Stories of changing lives
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Here are just a few of the stories from English speaking countries that we have received about how Girl Guiding and Girl Scouting has changed lives.
Message for the centenary, Dr.Nighat Arshad from Pakistan
While the centenary starting for Girl Guides all over the world, for me its the beginning of a new era!
While we watch the world in turmoil, natural disasters and man made disasters girl guiding for me has bought some sense in the world. While people create their own spaces, it is the girl guides, and boy scouts that bring with themselves a message of selflessness, and the spirit or giving.
I may not be an active girl guide anymore, maybe because of lack of time.As life shoves its responsibilities on my shoulders with family life, I still at heart feel like a girl guide. I still feel the intense sense of helping others which I learned while we gathered relief packages for the flood affected people in the 90's. At heart I want to reach out to the less fortunate any time I can donate my time of my resources.
At heart I am still a Girl Guide, I learnt to face a little of the world in the guiding camps, in Murree in Pakistan, and also the pirates camp in Devon, England. I believe that I learnt so much from meeting other girls my age and older, from all sorts of backgrounds and races. I was in touch with my hostess Rosny from Exeter for a very long time, I met friends from Greece, England, and other parts of the world. I would call it a "real" experience while seeing, and meeting so many like myself.
I still feel like a girl guide at heart, as I use the knowledge that I learnt while earning my badges. From tying ropes to learning to cook outdoors to learning how to do batik, and tie and dye on fabric. I have learnt a lot and while I try to give back as much as I can, I still feel like a little girl on a journey.
I still feel like a little girl ambitious about learning new things, ambitious about making friends from just about everywhere, ambitious about just "learning". This ambition has been instilled in me because I was and always will be a girl guide at heart!
Best of luck for the next 100 years!
Guiding in my life, by Rena Bountouva–Mela from Greece
I joined Guiding in 1947 in the age of 14. Since then I adopted the principles and the values of this Movement which influenced the development of my character and my personality.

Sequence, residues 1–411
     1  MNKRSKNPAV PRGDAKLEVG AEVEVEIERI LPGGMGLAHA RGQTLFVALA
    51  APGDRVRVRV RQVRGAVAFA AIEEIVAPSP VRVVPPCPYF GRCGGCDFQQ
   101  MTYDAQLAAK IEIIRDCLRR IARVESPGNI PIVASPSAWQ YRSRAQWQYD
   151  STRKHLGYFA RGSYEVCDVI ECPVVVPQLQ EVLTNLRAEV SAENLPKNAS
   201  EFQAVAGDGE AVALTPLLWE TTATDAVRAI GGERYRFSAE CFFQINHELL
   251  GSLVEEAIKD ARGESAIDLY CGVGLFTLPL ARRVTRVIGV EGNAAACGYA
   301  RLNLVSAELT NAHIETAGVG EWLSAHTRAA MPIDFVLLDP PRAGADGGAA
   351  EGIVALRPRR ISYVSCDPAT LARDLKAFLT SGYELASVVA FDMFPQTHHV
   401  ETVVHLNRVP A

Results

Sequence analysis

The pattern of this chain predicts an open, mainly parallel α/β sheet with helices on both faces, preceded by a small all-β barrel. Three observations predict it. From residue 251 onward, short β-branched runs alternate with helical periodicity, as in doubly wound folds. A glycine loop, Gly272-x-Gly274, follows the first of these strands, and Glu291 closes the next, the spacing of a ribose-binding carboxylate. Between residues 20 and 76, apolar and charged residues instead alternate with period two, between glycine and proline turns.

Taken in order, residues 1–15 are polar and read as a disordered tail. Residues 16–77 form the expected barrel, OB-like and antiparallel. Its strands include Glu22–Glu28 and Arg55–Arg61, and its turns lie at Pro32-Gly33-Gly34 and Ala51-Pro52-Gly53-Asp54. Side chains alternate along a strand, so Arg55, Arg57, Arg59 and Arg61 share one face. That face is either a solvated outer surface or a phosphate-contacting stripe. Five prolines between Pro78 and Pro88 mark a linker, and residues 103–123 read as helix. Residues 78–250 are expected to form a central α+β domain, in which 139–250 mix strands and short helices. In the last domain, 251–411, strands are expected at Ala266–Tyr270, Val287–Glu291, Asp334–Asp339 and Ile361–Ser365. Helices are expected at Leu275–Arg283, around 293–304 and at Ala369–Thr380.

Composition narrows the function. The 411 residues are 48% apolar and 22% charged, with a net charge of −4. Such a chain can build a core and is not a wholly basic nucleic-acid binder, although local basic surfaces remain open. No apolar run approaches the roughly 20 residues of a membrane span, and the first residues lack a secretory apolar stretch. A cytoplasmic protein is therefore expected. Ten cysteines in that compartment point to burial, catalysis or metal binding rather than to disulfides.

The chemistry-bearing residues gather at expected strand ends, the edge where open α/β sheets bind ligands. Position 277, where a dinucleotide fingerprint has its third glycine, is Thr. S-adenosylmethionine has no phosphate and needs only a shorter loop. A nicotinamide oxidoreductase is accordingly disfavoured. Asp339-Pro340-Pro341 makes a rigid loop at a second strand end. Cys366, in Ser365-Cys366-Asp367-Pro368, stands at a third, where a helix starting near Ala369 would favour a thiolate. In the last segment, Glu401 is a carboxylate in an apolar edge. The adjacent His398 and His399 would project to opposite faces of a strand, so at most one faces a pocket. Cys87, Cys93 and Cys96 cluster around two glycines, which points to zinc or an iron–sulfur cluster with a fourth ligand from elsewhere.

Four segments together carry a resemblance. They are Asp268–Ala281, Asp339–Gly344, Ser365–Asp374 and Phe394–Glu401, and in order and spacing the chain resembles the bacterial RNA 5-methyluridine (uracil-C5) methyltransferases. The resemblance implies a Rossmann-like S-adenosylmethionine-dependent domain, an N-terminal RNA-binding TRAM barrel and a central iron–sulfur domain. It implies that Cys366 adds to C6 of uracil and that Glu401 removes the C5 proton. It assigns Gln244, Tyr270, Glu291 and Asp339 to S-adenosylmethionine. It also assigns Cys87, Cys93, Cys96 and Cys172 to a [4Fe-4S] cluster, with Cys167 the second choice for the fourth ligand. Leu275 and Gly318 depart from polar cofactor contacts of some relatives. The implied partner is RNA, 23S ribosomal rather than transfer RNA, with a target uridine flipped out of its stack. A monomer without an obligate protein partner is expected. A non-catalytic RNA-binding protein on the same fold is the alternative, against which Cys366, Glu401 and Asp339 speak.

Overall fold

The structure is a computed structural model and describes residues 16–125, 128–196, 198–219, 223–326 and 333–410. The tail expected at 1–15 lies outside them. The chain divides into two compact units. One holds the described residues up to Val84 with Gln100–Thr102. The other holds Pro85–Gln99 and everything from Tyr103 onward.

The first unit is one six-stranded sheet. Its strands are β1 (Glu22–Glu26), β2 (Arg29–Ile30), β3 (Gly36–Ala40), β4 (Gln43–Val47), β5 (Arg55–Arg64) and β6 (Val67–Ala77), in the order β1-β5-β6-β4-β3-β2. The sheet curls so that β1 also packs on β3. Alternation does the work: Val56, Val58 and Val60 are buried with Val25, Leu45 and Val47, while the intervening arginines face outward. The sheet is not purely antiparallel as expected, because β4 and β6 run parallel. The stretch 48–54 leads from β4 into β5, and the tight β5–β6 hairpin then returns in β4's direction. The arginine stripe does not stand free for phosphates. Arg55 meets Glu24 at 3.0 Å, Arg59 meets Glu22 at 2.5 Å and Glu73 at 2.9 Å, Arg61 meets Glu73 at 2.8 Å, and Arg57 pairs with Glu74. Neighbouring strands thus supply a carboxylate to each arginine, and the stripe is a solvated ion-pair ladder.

Our Law, formulated in its ten articles, had been my compass in life.
The Law and the Promise helped me develop and mature and put showed me the way how to live with other people with respect and solidarity and how to enjoy and protect the natural environment.
In Guiding I grew up into a self-confident, reliable and respectful and strong woman.
Having always a hand stretched out to everyone, being a team and living with the others with understanding, patience, affection and kindness.
No other organization has a holistic educational effect on its members as Guiding and Scouting have.
Personally, being a Guide played a key role in my life. I always tried to act according to the Guide Promise and Law. I really cannot tell whether I succeeded or not. I know that I tried. For one thing I am sure, that Guiding has always been in my heart. I feel lucky and it gives me a great pleasure to be still part of this Movement for more than 62 years!
Learning Today, Leading Tomorrow, Georgia Bekyra from Greece
In the beginning of 2008, I had the immense fortune of being chosen by the Greek Guides Association for a seminar in Our Cabaña, Mexico. The fact that I would visit a World Centre was an honor by itself, but the thought that I would interact with Guides from all over the world, made the prospect even more thrilling.
The reality, however, was in fact beyond my dreams. The seminar was beautifully structured and the personnel just awesome. We were divided in several groups with different topics to explore and to work on. My group was called "Las Chicas Listas" and our topic was AIDS. Our goal was to organize a type of seminar, which in collaboration with a local volunteering group would continue the educational seminar about AIDS in local communities. The pinnacle of the seminar, and one of my most memorable experiences in my life, came at the end of the seminar, when we visited a village in the outskirts of Cuernavaca, where we had to play out what we had been planning.
The interaction with the local people, mostly women, was unbelievable. It was a revelation, in the sense that I had never encountered before, people who experience life, like they do. There were mostly mothers, with 3-4 children, whose husbands have abandoned them for another life in the States, who had to endure sexual repression and who had to make ends meet out of nothing. Their knowledge on the subject of AIDS was incredibly limited and in some cases not even known as a concept. That was a true challenge for our group. Their attitude, though, was remarkable and their spirits high, despite of what seemed to be unbearable to the rest of us. That was a life lesson, I will never forget.